My eyes wander away from the stage and I am transfixed, again, by the reds and the blues of the stage lights casting softly across his sculpted features. Looking at him in that moment, I fall in love all over and over and over and over again. It won’t be until the final curtain call, the standing ovation, that I nudge him out of his quiet escape. He doesn’t know it, but “The book is long” echos in my head as we weave our way slowly out of the theater and into the slick, dark streets lit by Broadway bulbs.

It’s a decade earlier and the warm, midwestern air weighs heavy on my body. The streetlight pitches across the cinder that scrapes against the sidewalk with every passing step. I shuffle up the stairs and open the door to see my roommate relaxing on the couch and the butterflies hit me. My girlfriend is waiting just blocks away, but all I think is “Don’t leave.” And I think maybe if I stay long enough he’ll confess that he feels the same way and validate that feeling I can’t shake. But he doesn’t.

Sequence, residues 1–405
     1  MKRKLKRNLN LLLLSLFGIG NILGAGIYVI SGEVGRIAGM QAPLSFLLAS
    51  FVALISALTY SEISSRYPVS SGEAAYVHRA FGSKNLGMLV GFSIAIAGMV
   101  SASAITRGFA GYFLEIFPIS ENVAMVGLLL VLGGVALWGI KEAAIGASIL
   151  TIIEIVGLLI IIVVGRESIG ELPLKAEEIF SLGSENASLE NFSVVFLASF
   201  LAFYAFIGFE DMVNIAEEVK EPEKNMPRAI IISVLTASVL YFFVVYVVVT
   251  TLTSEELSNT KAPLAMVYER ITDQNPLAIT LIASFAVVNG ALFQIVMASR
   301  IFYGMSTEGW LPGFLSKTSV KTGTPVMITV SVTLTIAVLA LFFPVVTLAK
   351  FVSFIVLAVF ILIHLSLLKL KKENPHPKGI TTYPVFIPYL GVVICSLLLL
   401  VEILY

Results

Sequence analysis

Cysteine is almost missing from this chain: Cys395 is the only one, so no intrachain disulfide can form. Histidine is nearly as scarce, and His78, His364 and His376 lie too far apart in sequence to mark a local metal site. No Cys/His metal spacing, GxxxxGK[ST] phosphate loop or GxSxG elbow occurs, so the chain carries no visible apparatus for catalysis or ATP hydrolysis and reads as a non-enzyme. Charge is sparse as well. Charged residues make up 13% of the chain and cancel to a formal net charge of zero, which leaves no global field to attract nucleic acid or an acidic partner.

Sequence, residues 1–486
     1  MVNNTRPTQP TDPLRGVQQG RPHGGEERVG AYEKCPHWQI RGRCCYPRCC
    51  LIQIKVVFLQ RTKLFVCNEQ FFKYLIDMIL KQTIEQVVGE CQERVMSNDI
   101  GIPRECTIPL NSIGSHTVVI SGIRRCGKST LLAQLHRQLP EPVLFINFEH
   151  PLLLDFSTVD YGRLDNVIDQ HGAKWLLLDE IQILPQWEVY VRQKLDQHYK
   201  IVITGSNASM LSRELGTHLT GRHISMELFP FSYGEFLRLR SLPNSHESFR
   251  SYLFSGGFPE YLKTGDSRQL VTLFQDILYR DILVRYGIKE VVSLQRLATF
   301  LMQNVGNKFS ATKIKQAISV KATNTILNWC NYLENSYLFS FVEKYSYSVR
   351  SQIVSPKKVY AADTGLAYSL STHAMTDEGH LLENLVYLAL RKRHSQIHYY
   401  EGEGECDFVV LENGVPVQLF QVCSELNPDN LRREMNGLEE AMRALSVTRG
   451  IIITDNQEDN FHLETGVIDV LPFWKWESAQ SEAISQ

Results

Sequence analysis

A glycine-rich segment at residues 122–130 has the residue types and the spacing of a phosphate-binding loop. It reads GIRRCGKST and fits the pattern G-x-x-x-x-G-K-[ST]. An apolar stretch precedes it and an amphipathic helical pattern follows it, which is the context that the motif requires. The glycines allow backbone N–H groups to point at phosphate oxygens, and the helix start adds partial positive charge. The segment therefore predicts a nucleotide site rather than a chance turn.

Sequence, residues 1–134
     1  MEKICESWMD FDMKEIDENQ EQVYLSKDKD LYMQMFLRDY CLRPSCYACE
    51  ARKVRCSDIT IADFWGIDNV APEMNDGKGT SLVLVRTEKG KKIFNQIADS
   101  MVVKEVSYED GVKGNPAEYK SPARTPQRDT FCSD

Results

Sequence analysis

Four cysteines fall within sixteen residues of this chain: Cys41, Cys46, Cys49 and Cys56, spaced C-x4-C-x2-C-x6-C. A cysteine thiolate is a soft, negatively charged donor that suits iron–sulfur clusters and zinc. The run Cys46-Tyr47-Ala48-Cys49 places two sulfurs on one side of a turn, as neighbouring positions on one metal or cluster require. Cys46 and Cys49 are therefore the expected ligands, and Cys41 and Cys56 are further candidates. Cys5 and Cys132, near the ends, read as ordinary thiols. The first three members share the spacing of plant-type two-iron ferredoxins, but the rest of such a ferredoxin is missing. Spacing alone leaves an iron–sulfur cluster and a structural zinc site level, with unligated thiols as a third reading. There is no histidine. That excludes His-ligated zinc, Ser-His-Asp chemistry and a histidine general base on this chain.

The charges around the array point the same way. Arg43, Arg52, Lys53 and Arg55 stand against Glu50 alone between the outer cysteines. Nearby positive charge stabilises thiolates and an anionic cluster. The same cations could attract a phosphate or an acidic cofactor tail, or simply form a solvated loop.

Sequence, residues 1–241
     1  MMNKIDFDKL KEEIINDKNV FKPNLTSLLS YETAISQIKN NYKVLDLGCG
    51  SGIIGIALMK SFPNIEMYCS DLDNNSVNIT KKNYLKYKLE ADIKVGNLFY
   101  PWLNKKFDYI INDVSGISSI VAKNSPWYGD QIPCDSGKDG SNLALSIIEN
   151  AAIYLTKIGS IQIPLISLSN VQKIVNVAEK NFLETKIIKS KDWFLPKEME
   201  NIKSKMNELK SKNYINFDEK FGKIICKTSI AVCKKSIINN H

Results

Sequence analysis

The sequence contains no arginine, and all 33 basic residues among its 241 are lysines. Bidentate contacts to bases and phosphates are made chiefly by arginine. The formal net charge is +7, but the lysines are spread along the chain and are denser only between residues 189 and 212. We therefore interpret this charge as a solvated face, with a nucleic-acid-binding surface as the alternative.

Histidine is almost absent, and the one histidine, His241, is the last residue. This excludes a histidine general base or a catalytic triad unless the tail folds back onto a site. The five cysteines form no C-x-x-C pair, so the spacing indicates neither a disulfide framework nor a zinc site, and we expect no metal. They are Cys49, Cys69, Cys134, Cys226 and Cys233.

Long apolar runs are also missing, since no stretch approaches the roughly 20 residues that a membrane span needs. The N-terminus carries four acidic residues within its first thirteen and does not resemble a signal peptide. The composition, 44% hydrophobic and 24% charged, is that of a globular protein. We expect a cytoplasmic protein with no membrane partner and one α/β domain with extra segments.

In Louisiana several years later, I’m reminded of that night as I once again shuffle up the stairs, this time into a shotgun house. It’s darker out this time, the street is lit only by a lonely light at the end of the block, and the wet southern air feels heavier. The butterflies? They’re the same. “Don’t leave,” I think again. And “Maybe, just maybe,” I wonder, holding back the tears as best I can. It’s then, in a back room just beyond an old kitchen, that I finally tell another man how I feel. But he doesn’t feel the same.

“The book is long.” A year passes, and that darkness, the streetlights, they still keep me company on lonely sidewalks at night—this time in DC. I spend my time trying to forget those days though, and I busy myself with an ambling routine from here to there. But the weight of the future and the terrifying hopelessness of facing it alone slowly overwhelms by self-induced amnesia.